By Shahzaib Khan
September 21, 2018
It is wondrous to think what Pakistan
represented to the six and a half million people who migrated from India to
what was then a newly-formed West Pakistan. As they left all their belongings,
homes, families and legacies, and started off on a journey of thousands of
miles on over laden oxcarts, trains filled with corpses, and on foot, they
buried their children who died of the exhausting journey, and continued
westwards. They left their safe spaces and headed west into an orgy of communal
violence that would leave two million people dead.
Around one in every five Pakistanis then
was a refugee.
Recently, at a fundraiser attended by the
who’s who of Karachi, Prime Minister Imran Khan brought up a rather odd topic.
In the midst of Karachi’s elite, Imran spoke of the Bengali and Afghan refugees
in Karachi. Both Bengali and Afghan refugees have been in Karachi for decades,
both immigrants, refugees, illegal settlers, whatever you may call them. Both
are also tragically disenfranchised. Afghan and Bengali refugees who have lived
in Pakistan for decades cannot have Pakistani passports or ID cards, which in
turn means, they don’t have access to any sort of social security, they are not
able to move freely, they don’t enjoy any of the rights conferred to citizens
by the Constitution of Pakistan, and they find it incredibly hard to find work.
When they do find work, they are usually paid half of already criminally low
minimum wages. These refugees have lived in Pakistan long enough to have their
children grow up to have children of their own, yet even the third generation
is as disenfranchised as the first. They’re refugees, they have been so for the
last multiple decades, they have been born refugees, will live as refugees and
then die as refugees, and before that they will give birth to more refugees,
Bengali and Afghan, never Pakistani.
The mentioning of these refugees at the
fundraiser was not out of context. The prime minister was speaking to a crowd
wary of Karachi’s “street crime” epidemic. The prime minister of course had
taken notice, and tried to explain the existence of this “street crime” as a
result of the disenfranchisement of the aforementioned Afghan and Bengali
refugees. He reasoned that their disenfranchisement led to poverty which led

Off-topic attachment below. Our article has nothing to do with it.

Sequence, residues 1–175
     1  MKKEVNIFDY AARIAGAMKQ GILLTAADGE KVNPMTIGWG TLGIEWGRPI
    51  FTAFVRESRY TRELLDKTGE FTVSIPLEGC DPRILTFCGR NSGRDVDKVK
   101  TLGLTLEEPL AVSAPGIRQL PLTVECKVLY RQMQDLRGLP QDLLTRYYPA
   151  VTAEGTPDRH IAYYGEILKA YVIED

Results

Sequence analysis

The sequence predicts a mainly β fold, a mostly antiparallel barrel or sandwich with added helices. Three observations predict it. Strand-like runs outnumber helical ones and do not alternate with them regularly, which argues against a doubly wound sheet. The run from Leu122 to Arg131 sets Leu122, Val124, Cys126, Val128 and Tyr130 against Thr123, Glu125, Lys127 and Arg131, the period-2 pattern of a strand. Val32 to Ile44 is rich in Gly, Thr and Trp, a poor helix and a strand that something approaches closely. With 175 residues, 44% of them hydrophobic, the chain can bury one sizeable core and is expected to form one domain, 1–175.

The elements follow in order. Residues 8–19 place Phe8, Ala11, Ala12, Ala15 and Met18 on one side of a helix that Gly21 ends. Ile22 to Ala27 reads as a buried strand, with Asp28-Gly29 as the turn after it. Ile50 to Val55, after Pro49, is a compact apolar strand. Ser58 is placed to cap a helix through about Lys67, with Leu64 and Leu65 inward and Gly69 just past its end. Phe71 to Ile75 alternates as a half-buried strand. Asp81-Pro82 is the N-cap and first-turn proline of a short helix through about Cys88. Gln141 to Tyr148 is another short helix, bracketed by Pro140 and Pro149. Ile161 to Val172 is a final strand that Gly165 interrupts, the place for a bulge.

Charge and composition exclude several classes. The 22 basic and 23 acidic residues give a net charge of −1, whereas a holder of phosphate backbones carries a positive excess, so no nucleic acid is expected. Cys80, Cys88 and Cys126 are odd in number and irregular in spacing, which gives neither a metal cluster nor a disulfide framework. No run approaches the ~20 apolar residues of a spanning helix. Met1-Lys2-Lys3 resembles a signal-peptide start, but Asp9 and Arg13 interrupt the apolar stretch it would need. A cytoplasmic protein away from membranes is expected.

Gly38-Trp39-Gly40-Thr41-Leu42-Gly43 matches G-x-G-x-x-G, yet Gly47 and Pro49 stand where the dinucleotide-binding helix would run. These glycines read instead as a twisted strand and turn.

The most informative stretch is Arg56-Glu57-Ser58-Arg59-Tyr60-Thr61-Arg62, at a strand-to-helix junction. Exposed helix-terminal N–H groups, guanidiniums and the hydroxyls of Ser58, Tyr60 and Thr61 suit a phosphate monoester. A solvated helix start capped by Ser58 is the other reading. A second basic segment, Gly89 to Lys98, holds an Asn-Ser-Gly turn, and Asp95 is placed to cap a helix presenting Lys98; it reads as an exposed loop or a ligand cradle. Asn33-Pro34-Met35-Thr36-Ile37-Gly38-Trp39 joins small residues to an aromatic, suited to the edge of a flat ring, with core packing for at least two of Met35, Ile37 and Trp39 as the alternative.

them resorting to crime, and that ending this disenfranchisement should end or
lessen “street crime.” So he had packaged it as a palatable solution to
Karachi’s powerful, but then he went further. “They are humans. How come we
have deprived them?” Now maybe this was an inadvertent mistake, maybe it was
just another “gimmick,” maybe it was just a fleeting thought that he continued
to articulate because it was awkward to stop abruptly. I think it was none of
those, in fact it was a mistake, surely, but never inadvertent. It was a
mistake because the prime minister spoke his mind, and I believe he spoke from
his heart, for an issue that offers him no political capital, for a people that
have no vote to give. But it wasn’t inadvertent because when Imran Khan speaks
his heart, he does so deliberately.
There has been vehement opposition to the
prime minister’s plea, forcing the prime minister into a corner and compelling
him to take opposing political forces on board. But as we see growing
opposition to the prime minister’s earnest and most-needed suggestion, we need
to consider the men and women who laid their lives to cross one patch of dirt
for another, since the latter offered them refuge; refuge from persecution,
from bigotry and hatred and from disenfranchisement. We, Pakistanis, were all
refugees then. Pakistan, then, was a dream, as fickle as they come, the
sweetest dream ever dreamt, and a dream forgotten as soon quickly as the nation
opened its eyes. More than seven decades later Pakistan struggles to remind
itself of that half remembered dream. It’s unnatural for a country that came
into existence to give refuge to the persecuted and disenfranchised, to now
banish those seeking refuge into persecution and misery, and oblivion.
In all the gloom, despair, and tragedy we
see, and all that we don’t, in and around us here in the streets of Pakistan,
and even more across the world, as hatred and bigotry piggybacks populist
politics across the globe, it’s increasingly hard to find the silver lining. There
aren’t too many feel-good stories to go around in the world, or even in the
land of the pure, except when the prime minister stands up defiantly for the
rights of politically toxic refugees.
Pakistan was, is and should continue to be
home to refugees, to the persecuted and disenfranchised. We are all walking on,
seeking refuge in the original dream that was Pakistan, we are all refugees
until that dream is realised. So let the refugees stay.
Shahzaib Khan is a lawyer